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Jeremiah 23:33-24:10 & 29-30

08.12.2010

Welcome to the Jeremiah fig-a-palooza. 

24 | In chapter 24, Jeremiah introduces us to God’s imagery of figs.  Essentially, God shows Jeremiah two baskets of figs, one good and the other rotten.  Apparently, this is the Mediterranean version of the “bad apple” concept.  God explains that the good figs represent those of His people taken into exile, while the rotten figs are those that stay behind in Jerusalem or escape to Egypt.

HUH?!?

I find this all kinds of problematic.  First, God’s been sending prophet after prophet to tell people how awful exile will be and that it will be a punishment for wickedness.  Now He tells us that the “good figs” are the one going to exile? 

Second, this seems an awfully convenient image for those exiles that come back in the time of Ezra and Nehemiah and lord it over their social inferiors who weren’t taken away.  This seems good ammo for those who doubt the traditional dates of composition for scripture because this seems like an after-the-fact justification passage.  I’m not saying I believe this, but I can see the thought process.

On the other hand, in the spirit of trying to make this imagery fit, I can see two ways that the fig analogy makes sense.  Particularly for those “rotten figs” that ran away to Egypt and essentially cast their lot with Neco instead of submitting to God’s punishment, I can see how this passage serves as a warning of ultra-punishment.  It’s like a child who avoids being spanked by cursing his dad and running away.  The ante is upped, and the punishment becomes more than spanking.

Additionally, God uses punishment as a way of cleansing us.  The fig analogy, then, could describe the condition of the people after exile, since the “good” figs will have gone through the purification of punishment, whereas the “rotten” figs will have dodged the refining fire.  It’s just a stab in the dark, but I think that’s where I ultimately come down in terms of understanding this section.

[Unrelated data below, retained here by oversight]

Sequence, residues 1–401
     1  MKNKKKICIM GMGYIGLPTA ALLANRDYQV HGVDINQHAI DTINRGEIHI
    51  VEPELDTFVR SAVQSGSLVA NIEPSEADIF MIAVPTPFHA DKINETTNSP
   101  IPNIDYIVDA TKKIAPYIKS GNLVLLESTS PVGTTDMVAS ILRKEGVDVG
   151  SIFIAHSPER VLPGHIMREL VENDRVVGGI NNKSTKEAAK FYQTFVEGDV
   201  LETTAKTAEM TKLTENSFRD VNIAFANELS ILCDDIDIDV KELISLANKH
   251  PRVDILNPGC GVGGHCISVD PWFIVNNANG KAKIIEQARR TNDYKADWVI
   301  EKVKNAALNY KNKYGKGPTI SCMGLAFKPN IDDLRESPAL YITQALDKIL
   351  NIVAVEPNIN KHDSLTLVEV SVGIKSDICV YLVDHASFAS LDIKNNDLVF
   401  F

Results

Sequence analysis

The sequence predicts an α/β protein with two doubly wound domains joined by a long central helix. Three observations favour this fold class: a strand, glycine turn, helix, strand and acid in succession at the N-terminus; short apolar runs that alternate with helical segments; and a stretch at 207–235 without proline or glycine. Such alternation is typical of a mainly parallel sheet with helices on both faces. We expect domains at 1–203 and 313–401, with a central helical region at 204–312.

29:7 | It’s interesting to me that the exiled Jews are told to ‘seek the welfare of the city’ where they have been sent into exile.  As the study Bible points out, this is an indirect way of God telling them to make themselves comfortable because they will be there for a while.  Also, it seems consistent to me with the ideas made more explicit in the NT about respecting temporal authority and submitting to those rulers that God has seen fit to establish in the world.

29:10 | The promise of a return after 70 years works on two levels.  On the immediate level, the return thus described is that of Ezra coming back (which I presume we’ll cover in the next month or so).  On another level, 70 is a number used in the Bible to mean an interminably large number (think of Jesus’ requirement that we forgive one another 70 x 7 times).  Thus, God is saying that the people will be dispossessed of their land for a LOOOONG time.  This dual-level promise is similar in structure to that which God gave to David in terms of his son building a temple for God, which Solomon did immediately but Jesus did ultimately and more fully.

29:11 | MEMORY VERSE!!

For I know the plans I have for you, declares the Lord, plans for welfare and not for evil, to give you a future and a hope.

This is a helpful verse for those that are afraid to trust in God.  Like Jon Acuff says, we all think that if we submit to God, we will immediately be sent to Africa.  We don’t stop to think that God may have a plan for us that actually makes us happy.  God’s will is different from our own, but it’s still perfect, and He wants to give us hope and peace, not evil.

29:17 | Jeremiah reminds us that this is ultimately about figs.

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From → [constant], [memory]

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